"We fall for them because we want to make contact with other people," Mr. Cates says, "but it's very important to have proof of life first."
Make meeting a priority
The best way to establish this "proof of life" is to meet people face-to-face (with appropriate safety measures in place) and see for yourself that they are who they say they are -- at least in as much as they haven't used fake photos online. An in-person meeting also makes it easier to gauge the truth of other details they've shared about themselves.
Before she met her husband, Mrs. Bartulica corresponded with several other men and always made a point to have an in-person meeting at a public place within a couple of months.
"I always held off judgement until actually meeting," she says. "It's hard to get a good feel for a person through a computer."
She adds that at one of these meetings, the man brought along a friend to vouch for him that he was who he'd presented himself to be. Although this isn't something she'd asked for, she thought it was a nice gesture.
Another option, when distance makes it difficult to meet in person, is to use a webcam or other device that allows you to see who you're speaking to.
Watch for red flags
If people seem reluctant to meet in person or even to video chat, this may be an indication that they're being deceptive about something. And if that's the case, this reluctance likely isn't the only red flag they're waving.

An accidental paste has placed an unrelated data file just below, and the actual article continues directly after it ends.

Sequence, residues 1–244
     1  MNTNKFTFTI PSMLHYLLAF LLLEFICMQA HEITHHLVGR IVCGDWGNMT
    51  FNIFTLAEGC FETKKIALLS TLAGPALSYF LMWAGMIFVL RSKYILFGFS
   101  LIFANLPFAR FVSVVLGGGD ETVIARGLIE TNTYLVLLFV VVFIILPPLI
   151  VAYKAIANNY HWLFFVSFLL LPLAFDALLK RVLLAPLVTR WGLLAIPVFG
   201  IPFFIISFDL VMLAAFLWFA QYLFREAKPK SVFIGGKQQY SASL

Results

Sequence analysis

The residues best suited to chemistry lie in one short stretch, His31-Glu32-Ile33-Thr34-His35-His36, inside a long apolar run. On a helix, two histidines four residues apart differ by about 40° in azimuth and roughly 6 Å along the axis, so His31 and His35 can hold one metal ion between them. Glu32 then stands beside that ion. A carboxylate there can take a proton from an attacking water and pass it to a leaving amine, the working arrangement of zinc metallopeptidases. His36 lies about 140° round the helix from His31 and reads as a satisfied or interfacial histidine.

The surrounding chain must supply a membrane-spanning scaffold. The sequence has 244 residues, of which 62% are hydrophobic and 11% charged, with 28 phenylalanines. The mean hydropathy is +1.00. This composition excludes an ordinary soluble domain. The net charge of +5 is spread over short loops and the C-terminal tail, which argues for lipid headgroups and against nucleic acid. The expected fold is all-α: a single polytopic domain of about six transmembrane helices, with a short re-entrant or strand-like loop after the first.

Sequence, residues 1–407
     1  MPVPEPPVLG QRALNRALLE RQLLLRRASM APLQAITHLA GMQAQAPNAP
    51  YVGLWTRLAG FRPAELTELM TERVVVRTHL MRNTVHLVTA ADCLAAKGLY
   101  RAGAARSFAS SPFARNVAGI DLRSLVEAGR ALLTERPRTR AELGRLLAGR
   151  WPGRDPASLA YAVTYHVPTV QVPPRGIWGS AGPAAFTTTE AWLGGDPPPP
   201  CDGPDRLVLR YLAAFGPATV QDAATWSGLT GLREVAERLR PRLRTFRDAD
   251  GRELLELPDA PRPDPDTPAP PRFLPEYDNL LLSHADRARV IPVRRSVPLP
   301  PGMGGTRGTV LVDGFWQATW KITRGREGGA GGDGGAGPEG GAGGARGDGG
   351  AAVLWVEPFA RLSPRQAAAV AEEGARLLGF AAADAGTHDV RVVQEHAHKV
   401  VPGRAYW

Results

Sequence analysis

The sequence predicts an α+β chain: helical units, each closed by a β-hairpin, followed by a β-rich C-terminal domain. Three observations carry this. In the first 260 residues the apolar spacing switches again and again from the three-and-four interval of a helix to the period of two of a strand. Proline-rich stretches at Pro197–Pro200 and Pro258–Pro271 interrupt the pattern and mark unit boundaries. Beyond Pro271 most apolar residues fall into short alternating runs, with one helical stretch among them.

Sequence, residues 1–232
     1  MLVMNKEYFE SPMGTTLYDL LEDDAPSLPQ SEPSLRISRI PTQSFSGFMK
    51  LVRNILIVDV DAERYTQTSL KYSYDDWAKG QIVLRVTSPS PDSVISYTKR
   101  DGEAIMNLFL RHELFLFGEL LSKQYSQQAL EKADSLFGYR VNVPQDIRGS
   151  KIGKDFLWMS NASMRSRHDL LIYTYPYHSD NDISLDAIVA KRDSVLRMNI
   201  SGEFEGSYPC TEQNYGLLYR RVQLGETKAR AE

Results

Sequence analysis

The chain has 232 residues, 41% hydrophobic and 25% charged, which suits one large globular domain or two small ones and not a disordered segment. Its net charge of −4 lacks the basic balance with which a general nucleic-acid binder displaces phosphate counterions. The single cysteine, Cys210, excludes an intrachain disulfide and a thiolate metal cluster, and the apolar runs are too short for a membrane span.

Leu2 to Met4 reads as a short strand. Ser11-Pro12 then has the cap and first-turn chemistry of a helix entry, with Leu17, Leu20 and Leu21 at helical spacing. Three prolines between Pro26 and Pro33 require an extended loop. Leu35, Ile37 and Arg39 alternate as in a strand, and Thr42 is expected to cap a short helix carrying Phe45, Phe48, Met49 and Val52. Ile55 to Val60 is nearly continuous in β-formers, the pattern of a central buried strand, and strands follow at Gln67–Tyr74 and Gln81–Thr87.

Some signs of deception Mr. Cates says to be wary of include an unwillingness to provide a photo; back stories that cannot be independently verified; requests for money; and Facebook profiles with unusually few or unusually many connections -- both of which indicate they may have been created as a vehicle for a false persona.
Mr. Schulman elaborates on these red flags in a set of "catfish" warning signs provided on Dr. Phil McGraw's website, www.drphil.com. There, he notes that a Facebook profile with fewer than 100 friends is a red flag, as are Facebook photos in which only the profile owner is tagged. He also advises being skeptical of people who claim to be models -- especially if they claim to have another impressive career on top of this. And if someone not only shows reluctance to meet or video chat but also delivers news of a traumatic accident or injury that delays plans to meet, be aware that this might be a lie intended to cover others they've told.
If a lot of this seems like common sense, that's likely because it is. But when emotions are involved, it can be easy to overlook the obvious, which is why it's so important to determine basic truths about a person early on -- or, if these truths are unreasonably hard to determine, to walk away.
"If it feels like this person might be trying to take advantage, cut off contact," Mr. Cates advises.
Erin Wisdom can be reached
Follow her on Twitter: @SJNPWisdom.